A "weak" Drachma makes exports cheap, only imported good from "strong currency" countries would be expensive... GEE the ruble is also a bit "weak" these days, so Greece importing from there would be less than say, from the EU...

It is highly doubtful the US would invade Greece, and it would stand to reason Putin will have good practical advice on how Syriza can avoid a Maidan or colour revolution. He just defused the "Nemtsov grief march" Maidan attempt. Like Putin, Syriza has a good enough public approval that too few would show up to incite a street revolt.


#10

Response to Laurenceofberk:
Regarding "Before that can happen, ...": I have read for months warnings in the financial press that people should get their money out of Greece while they can. That's both rich and ordinary folks. Likely Greece has already been drained of most liquid capital. But the far-left is entitled to try and shut the barn door at this point, even if most of the animals have fled.

Regarding "Collecting taxes from the rich should be ...": I have read for months and years in the financial press that Greece is way past the maximizing point on the Laffer curve. Taxes are so heavy, and government and public employees are so discredited, that people joke that tax evasion is the national sport. Greece might discover, like many other nations have, that cleaning its own governmental house and cutting taxes will get the economy going again. -- But then again, the far-left does have a mandate, from the last election it seems, to go whole hog with their whole program. It will make a nice spectator sport to see what happens.


#11

"Practiced" is the key word here - it has fallen because it has abandoned that "practice" ... and needs to re-instate it, IMO ...

Playing dumb is fine as long as one is not caught being dumb ...


#12

"Greece might discover, like many other nations have, that cleaning its own governmental house and cutting taxes will get the economy going again."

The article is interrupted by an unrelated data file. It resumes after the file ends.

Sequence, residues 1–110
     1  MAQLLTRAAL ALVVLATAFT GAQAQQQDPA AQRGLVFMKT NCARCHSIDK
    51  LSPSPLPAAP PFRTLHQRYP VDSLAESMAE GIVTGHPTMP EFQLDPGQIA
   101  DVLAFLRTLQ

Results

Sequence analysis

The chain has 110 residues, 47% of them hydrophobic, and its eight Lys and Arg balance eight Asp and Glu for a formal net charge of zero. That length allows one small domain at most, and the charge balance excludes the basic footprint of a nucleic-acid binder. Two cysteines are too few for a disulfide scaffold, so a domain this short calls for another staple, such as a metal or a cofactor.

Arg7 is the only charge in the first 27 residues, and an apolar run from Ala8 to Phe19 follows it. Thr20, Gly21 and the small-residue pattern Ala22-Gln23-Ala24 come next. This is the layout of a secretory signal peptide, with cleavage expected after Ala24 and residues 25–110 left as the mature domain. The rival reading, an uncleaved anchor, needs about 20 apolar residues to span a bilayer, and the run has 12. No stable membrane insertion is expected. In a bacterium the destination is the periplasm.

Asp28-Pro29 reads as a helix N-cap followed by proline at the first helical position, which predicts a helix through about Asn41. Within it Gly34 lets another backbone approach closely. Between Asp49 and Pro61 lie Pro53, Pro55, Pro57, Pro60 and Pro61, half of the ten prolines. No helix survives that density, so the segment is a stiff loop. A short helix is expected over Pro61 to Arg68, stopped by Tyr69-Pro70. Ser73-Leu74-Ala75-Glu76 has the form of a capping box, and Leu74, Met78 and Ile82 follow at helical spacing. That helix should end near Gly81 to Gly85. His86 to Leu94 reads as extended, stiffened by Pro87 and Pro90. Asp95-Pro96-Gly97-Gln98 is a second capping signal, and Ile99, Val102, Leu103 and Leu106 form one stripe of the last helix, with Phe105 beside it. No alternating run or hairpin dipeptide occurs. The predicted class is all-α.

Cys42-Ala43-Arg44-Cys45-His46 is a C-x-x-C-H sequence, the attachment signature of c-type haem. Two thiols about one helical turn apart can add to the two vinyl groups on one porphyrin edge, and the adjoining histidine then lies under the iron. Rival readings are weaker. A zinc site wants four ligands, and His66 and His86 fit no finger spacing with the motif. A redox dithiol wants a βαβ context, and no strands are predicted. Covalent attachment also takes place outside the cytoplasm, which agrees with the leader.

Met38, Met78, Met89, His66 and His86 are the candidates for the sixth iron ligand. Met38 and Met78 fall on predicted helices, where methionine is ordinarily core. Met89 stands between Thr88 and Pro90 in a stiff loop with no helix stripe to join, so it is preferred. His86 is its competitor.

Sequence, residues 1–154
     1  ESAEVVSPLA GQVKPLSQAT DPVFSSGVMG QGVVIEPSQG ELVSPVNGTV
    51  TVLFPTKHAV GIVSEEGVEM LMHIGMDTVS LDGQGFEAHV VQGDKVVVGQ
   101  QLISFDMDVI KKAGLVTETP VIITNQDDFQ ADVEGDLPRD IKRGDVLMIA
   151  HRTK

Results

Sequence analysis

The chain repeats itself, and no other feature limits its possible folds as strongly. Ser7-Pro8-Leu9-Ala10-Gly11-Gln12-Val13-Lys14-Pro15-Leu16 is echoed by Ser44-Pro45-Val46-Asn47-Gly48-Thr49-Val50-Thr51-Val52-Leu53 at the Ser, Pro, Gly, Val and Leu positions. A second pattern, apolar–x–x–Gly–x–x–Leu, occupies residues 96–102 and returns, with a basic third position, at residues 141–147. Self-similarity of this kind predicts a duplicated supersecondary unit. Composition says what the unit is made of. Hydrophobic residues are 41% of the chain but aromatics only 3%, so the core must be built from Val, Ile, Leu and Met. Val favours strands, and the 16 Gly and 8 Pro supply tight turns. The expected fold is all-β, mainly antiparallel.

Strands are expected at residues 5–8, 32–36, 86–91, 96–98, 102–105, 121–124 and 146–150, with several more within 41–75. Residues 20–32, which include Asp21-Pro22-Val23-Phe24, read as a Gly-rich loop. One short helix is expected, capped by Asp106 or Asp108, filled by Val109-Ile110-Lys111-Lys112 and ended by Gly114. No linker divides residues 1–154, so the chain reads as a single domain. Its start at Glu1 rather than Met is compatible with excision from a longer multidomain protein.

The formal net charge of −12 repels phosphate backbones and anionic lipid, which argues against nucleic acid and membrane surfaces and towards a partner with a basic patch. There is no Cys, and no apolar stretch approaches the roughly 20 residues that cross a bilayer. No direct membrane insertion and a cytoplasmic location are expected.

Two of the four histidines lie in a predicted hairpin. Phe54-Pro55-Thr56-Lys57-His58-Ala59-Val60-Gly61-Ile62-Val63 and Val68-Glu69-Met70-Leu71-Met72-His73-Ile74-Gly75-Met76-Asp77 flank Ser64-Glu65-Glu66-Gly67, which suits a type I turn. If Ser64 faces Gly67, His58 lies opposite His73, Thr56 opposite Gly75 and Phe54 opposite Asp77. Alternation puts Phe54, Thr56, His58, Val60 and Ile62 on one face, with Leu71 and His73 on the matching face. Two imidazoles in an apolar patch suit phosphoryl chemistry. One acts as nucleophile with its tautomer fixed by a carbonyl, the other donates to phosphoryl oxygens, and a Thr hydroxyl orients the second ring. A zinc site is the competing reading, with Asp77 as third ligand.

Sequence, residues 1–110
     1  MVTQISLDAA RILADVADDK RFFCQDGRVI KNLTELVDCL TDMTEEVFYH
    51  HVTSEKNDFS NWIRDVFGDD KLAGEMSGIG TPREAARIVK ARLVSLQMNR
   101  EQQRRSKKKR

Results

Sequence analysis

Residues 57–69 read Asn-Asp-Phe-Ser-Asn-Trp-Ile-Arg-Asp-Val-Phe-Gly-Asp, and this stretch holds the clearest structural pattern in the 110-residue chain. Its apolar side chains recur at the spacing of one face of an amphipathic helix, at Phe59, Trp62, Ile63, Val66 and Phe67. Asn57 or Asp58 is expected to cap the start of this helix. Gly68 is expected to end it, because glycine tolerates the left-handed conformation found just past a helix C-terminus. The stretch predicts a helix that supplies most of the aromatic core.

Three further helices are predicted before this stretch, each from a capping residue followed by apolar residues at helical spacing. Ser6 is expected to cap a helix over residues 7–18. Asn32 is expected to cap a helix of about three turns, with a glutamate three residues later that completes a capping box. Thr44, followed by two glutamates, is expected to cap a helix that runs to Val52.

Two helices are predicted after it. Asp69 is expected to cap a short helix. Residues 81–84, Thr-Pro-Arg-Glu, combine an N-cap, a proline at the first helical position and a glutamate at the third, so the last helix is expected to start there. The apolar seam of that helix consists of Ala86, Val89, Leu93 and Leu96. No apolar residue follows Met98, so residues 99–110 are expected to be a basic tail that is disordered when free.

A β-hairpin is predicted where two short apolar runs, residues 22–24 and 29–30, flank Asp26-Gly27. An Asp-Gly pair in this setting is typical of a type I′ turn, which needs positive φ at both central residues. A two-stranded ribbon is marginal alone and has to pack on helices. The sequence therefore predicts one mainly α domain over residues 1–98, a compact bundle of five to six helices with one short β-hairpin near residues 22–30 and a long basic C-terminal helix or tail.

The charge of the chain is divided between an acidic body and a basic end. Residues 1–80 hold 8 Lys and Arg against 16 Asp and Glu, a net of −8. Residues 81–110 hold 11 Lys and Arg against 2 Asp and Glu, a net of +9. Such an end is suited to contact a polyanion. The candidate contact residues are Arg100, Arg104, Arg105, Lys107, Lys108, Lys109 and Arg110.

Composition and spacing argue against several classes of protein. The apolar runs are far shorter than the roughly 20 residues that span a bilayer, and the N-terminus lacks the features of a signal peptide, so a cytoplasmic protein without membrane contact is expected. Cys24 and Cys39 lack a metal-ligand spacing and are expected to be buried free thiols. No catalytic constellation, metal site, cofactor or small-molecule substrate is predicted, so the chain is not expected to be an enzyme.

At least, that is what we are constantly fed in our media, and no wonder too, because it is owned by the big money. "Cutting taxes" is one way to continue the transfer of wealth from the poor to the rich. And according to this myth, we will all benefit from the trickle down affect.

But in reality the wealth does not trickle down, only pee. Austerity is not imposed for the benefit of the population, it is something that benefits the rich. It happens because the democracies have been bought by the money. Transferring yet more wealth to the rich has not succeeded and more of the same will not "get the the economy going". In Greece, this has failed so badly that Greece's two party system has collapsed. Its Rs and Ds (by different names) collectively ended up with just 23% of the vote, despite the best effort from the media to condemn alternatives. Its not just Greece where austerity has failed, but it is failing all over Europe.

And it is failing in the USA too. It failed spectacularly in the USA in the 30s 40s and 50s! There is a reason why Roosevelt put an end to this in the early 50s, and that was to avoid a bloody revolution. The new deal which saw taxes placed on the rich and job creation for the poor, redistributed the wealth. A government with no money rejuventated and repaired the broken economy of the USA.

If you had not noticed, everything done in the new deal has now been undone. Every social issue and ill of society flows directly from this, including, but not limited to the world's highest incarceration rates that the USA enjoys. Eventually there will be hell to pay if something is not done to redistribute the wealth.


#13

Well, you will interpret it as best pleases yourself. ...
The neo-liberal-welfare-statist governments BEFORE Syriza made a corrupt and turgid mess of Greece's situation. Someone is going to have to cut all those unhealthy tumors out of Greece's government. That includes public employee unions that have become corrupt and unproductive and gone over to the dark and oppressive side.
-- As for Greek taxes, they tax ordinary working folks at a too heavy level, something like 50%. Their VAT (like Sales tax) is about 20%. Decency and respect for Greek workers has to include cutting the taxes levied on THEM.

-- BTW, isn't it curious how many people can't find jobs in workers' paradises, and immigrate to the oppression found in capitalist nations to try to find a job? [Even if it is just landscaping at the estates of rich people...] Why is that?

-- 2nd BTW. You should reread a pamphlet sized history of the USA. You wrote "There is a reason why Roosevelt put an end to this in the early 50s," Ah, but Franklin Delano Roosevelt had died in 1945, and the early 50s was the age of Eisenhower and Taft-Hartley.


#14

Good post but your 30-40-50 should read 10-20-30.


#16